Kosberg17 studied whether or not economic class made a difference in the quality of care given residents of nursing homes. Results showed that the affluent could afford to purchase more of the comforts of life, so these could be provided. In one nursing home for the affluent, this author noted that the majority of residents all have personal maids who stay all day or who work an eight-hour shift. Yet, many of these elderly residents are disadvantaged in that everything is done for thembath, feeding, dressing, out of bed into a chair, etc. - but very little is done to stimulate them intellectually or to promote their socialization. Perhaps the attitude of these affluent elderly can be summed up by the remark of one resident who said, "I am 94 years old; I am not supposed to make decisions any more."

The following suggestions are offered to assist nurses and other caregivers to better recognize the affluent elderly's unique needs.

1. Money does not buy health and happiness. Wealth alone can bring as many problems to the affluent elderly as lack of money can bring to the impoverished elderly. The affluent elderly can be plagued by many of the same problems as any other socioeconomic group - crime, loneliness, family dysfunction, disengagement, etc. Therefore, nurses should be aware of these factors as. possible reasons for presenting behaviors and should assess accordingly.

2. Special attention must be given to the problems of the elderly as a result of their affluence. Every effort must be made to protect the older person's competency and privacy. An understanding of the legal rights of the elderly and the resources to protect these rights must be part of the nurse's store of knowledge. Personnel should not be quick to label a person incompetent because he does not make judgments in accordance with the staff's value system or if he simply makes a mistake. Give the older person the right to think differently from others and to make a few mistakes.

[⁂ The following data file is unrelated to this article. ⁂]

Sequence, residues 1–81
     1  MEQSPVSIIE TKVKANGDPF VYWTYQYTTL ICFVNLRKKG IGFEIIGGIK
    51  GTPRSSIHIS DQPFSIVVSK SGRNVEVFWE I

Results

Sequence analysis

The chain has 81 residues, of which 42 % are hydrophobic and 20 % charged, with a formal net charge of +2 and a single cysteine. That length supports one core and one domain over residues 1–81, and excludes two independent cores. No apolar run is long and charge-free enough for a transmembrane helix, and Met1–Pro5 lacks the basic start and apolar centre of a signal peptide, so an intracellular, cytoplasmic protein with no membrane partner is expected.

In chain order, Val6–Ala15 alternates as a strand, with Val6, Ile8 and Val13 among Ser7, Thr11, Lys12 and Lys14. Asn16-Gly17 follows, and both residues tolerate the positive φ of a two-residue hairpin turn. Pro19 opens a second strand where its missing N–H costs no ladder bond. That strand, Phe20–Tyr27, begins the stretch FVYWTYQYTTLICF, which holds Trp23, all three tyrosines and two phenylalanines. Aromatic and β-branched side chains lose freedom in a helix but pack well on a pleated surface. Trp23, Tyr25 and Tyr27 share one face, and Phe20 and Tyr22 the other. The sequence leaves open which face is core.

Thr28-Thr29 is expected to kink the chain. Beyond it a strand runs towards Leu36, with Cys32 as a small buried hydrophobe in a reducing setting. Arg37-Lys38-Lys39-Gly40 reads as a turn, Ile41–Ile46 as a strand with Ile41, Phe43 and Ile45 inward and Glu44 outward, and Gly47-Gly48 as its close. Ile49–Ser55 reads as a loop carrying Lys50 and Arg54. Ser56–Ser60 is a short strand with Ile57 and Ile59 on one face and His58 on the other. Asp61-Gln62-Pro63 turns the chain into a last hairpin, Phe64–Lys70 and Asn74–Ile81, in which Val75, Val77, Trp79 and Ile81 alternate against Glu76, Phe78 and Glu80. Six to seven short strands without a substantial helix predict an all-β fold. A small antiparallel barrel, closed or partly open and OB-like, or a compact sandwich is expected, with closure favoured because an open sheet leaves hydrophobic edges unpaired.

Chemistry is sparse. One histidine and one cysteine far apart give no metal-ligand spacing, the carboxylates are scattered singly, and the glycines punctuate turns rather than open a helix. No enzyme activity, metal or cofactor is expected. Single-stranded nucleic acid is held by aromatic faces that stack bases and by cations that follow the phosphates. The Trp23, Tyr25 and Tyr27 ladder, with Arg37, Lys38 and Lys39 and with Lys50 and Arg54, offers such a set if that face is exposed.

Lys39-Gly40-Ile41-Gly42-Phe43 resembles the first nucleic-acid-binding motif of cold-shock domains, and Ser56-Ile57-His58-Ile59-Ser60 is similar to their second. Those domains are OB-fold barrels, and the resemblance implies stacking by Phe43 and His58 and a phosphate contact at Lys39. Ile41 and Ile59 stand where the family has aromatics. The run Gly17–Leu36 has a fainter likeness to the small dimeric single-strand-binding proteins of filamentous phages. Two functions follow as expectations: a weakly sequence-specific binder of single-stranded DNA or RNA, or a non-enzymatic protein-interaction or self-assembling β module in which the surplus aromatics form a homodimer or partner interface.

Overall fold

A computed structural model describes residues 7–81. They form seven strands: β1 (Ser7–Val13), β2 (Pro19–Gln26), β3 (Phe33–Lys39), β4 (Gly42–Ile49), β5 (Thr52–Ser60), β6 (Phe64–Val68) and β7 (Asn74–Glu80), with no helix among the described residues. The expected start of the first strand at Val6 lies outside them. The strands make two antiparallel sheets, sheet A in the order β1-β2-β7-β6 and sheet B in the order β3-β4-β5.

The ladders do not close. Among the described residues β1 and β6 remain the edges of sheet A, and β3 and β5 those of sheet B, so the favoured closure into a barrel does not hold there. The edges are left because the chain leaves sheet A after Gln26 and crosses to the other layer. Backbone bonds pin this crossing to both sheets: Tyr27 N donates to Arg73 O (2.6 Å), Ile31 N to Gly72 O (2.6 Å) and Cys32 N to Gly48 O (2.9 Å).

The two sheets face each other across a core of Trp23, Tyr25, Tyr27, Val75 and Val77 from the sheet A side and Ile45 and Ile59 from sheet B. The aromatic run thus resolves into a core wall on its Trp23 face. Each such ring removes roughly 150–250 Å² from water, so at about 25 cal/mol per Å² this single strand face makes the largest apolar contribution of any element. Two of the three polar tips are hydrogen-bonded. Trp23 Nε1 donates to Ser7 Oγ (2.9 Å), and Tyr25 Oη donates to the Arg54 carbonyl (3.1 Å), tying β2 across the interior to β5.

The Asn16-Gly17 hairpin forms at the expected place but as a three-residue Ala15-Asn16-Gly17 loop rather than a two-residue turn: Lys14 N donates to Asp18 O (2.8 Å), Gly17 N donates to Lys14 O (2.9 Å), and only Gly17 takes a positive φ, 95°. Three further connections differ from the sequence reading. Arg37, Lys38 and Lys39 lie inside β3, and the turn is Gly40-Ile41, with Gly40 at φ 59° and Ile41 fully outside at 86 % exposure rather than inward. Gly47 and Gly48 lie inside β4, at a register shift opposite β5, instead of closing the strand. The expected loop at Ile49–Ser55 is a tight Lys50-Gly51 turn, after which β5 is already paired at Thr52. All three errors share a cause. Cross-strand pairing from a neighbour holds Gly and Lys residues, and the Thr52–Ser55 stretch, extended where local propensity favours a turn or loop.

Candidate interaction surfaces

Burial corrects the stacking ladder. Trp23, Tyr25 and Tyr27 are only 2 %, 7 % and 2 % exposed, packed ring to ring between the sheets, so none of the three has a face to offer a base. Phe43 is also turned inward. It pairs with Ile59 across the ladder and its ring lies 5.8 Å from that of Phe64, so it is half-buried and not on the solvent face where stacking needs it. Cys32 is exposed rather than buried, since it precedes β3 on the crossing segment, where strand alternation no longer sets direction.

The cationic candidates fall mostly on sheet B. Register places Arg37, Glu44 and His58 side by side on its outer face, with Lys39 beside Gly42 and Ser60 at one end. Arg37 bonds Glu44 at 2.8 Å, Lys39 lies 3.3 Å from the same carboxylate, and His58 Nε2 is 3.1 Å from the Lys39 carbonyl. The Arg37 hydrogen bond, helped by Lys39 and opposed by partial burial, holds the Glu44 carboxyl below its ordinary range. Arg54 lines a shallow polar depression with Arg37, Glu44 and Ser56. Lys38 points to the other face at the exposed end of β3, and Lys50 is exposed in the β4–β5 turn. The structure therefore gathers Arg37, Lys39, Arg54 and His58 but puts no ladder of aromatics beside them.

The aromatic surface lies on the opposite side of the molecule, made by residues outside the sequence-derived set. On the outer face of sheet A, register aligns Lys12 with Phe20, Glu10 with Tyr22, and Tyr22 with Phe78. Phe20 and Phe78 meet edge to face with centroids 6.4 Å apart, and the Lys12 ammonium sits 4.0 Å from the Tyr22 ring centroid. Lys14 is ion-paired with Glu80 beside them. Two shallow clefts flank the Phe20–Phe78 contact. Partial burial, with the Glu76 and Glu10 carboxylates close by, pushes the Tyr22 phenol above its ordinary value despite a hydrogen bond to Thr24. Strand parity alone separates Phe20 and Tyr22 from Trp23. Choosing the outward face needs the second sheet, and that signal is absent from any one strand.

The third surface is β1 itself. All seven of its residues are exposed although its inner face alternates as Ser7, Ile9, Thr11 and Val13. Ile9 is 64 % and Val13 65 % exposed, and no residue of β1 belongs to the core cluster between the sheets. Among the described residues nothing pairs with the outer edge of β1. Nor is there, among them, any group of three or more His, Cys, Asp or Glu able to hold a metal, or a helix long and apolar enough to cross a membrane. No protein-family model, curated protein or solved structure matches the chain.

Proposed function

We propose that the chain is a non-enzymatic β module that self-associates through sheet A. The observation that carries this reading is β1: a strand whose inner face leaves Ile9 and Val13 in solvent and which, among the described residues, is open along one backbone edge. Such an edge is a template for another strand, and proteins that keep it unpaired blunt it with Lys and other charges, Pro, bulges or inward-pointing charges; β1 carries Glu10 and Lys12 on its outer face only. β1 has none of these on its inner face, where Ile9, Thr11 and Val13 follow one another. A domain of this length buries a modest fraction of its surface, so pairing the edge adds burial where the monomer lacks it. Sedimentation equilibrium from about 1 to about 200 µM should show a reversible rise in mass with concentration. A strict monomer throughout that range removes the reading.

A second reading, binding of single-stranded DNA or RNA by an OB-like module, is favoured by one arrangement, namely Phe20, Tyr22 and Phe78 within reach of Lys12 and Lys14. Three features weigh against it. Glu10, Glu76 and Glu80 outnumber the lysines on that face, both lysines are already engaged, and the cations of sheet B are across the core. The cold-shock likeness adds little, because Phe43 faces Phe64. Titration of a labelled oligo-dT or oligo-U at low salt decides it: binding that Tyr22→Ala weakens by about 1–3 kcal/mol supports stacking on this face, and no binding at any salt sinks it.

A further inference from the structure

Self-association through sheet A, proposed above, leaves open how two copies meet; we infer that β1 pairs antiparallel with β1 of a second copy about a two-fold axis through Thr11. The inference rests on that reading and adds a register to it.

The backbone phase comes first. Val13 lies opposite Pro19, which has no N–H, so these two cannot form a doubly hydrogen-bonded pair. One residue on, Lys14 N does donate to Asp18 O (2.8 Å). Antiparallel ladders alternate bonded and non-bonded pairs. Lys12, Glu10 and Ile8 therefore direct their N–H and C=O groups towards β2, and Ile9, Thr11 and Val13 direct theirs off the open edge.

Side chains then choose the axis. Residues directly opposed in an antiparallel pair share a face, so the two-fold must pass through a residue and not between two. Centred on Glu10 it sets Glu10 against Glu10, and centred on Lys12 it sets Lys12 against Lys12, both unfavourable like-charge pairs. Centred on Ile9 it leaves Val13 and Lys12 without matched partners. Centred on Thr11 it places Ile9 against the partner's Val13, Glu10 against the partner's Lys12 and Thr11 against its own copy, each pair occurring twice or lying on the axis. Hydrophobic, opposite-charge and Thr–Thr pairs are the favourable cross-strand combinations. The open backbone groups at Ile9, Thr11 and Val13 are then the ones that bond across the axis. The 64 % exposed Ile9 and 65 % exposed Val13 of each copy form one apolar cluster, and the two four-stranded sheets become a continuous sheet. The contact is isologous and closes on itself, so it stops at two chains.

3. Recognition must be given to the fact that the family of the affluent elderly may be extremely harmful to their health. Family members may not have the best interests of their aged relatives at heart, so care must be taken to protect the individual's privacy and civil rights, especially before one runs and "tattles" to the family. Each gerontological professional must be very aware oí Family Codes and other pertinent laws affecting the elderly. Support staff must also be cautioned about unwittingly giving out privileged information. Strict protocols for the civil protection of the elderly must be developed in all facilities caring for the elderly and should be enforced, even in the face of intimidation by family and their lawyers.

4. Attention should be paid to the socialization needs of the affluent elderly. They must be helped to have. friends and assigned personnel who can speak with the same frame of reference as they do, have had experiences similar to theirs, and have similar values as they do. If nursing were truly individualized, those needs would be met.